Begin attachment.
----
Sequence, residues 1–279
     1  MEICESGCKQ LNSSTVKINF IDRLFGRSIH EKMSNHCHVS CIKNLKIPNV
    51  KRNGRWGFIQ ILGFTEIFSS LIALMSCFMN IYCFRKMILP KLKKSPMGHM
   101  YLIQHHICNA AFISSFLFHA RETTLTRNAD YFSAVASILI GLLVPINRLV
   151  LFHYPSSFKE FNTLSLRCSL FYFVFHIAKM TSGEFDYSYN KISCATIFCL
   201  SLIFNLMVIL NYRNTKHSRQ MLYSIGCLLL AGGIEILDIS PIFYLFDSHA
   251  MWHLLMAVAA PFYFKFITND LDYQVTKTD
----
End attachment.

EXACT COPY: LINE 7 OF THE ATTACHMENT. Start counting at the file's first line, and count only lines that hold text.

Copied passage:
   251  MWHLLMAVAA PFYFKFITND LDYQVTKTD